Dear Vlad, from Stephen

Andrew MacDougall, ex of the PMO, imagines a letter from the PM to the Russian president

[Editors' note: In his column last week, Maclean's political editor Paul Wells suggested that Stephen Harper and other Western leader use mockery instead of grave concern in responding to Russian leader Vladimir Putin's expansionist adventures in Eastern Ukraine. Instead of treating him like the most powerful leader in the world, Wells said, treat Putin like a joke. One reader who took that suggestion to heart was Andrew MacDougall, Stephen Harper's former communications director. Here's how MacDougall imagines a no-holds-barred letter from Canada's prime minister to Russia's leader.]

Dmitry Lovetsky/AP

Dmitry Lovetsky/AP

All hail the munificent and illustrious Vladimir Vladimirovich Putin!

I’m kidding, I don’t mean that. I just wanted to see what my bureaucrats’ recommended greeting looked like. You know, they’ve been trying to get me to suck up to you for years now. My officials were always of the opinion that you mattered in the world, and that if we weren’t nice to you, you wouldn’t help us on “key issues of geopolitical significance in multilateral fora.” Don’t worry, I have no idea what that means either.

Where they saw you standing tall, I knew it was because you wear those lifts in your shoes. Did you ever notice, by the way, how I like to stand up nice and tall whenever I grip and grin you at a Summit? You can ease up on the handshakes, by the way. I get it, you’re a big brute man.

Come to think of it, we haven’t really spoken much since last year, when I said that Russia had no business being in the G-8, and that it was really the G7+1 when it came to discussing security issues like Syria. By the way, guess who didn’t want me to say that? Your spies didn’t tell you that one was coming, did they? To put it in terms you’ll understand: Harper 1, Putin 0.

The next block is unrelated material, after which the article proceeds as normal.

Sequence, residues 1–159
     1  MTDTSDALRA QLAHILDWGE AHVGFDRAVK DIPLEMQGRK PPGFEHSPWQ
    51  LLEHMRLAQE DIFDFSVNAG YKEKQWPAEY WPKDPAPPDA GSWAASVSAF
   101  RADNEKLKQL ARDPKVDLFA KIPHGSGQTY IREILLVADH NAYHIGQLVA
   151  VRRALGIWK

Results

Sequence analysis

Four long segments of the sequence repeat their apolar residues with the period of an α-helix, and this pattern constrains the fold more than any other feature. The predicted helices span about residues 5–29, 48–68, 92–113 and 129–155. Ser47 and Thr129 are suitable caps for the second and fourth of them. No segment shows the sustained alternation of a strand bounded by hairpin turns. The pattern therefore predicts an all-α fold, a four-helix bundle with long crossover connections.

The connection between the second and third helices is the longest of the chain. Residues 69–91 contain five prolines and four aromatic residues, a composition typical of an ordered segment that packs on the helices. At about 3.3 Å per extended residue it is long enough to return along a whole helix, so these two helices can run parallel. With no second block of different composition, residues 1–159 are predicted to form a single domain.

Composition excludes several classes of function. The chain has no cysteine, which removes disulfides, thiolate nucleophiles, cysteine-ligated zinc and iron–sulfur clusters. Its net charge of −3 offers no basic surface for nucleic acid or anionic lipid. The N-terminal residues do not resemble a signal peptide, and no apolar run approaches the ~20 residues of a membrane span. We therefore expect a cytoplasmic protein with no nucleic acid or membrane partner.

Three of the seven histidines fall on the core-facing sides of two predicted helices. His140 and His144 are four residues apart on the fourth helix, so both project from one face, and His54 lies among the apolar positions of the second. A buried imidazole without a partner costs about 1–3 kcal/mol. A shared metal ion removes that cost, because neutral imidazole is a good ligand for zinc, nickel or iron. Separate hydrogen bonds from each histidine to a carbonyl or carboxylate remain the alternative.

Remember how mad you got at dinner in Enniskillen in 2012? As David Cameron would say, you threw your toys out of the pram. It was almost as good as that time you called me a “Trotskyite” in Vladivostok. Or when you went on that 10-minute tirade over Pussy Riot. Remember when the interpreter couldn’t figure out the English for the word “gangbang” after you used it? Awkward.

Ah, Vladivostok, Russia’s “Pacific capital.” I loved how you spruced the place up: the sham university summit site with brown water, three mysterious smoke detectors in each room, and fixtures that fell out of the wall. Well, when you have to conscript thousands of North Koreans to finish the work you couldn’t manage, you end up getting what you pay for, right?

Come to think of it, the Pacific Fleet was also looking a little worse for wear. How long do you reckon before the Chinese just swoop in and take Siberia off your hands? That must keep you up at night. After all, the Chinese have the people, and the economic power. I mean, they just squeezed you on that recent gas deal. How would you explain the loss of your Eastern Empire to your subjects?

Right, you don’t have a functioning press, so you won’t have to. You’ll just tell them what you want, and they won’t know the difference. By the look of things, I’d say you’re about halfway to a proper hermit kingdom. You do have a ways to go on information suppression but, to be fair, the North Koreans never had the Internet.

You’re probably angry that I’m comparing you to North Korea. Don’t worry, Kim Jong Un might have more hair, and more sycophancy (for now), but you have better suits. But let’s be frank, being the king of the castle in Russia these days is more Chernenko than Peter the Great, right? It’s less Rolls Royce, more Lada. It’s like being valedictorian, but at summer school. Anyway, you get the point.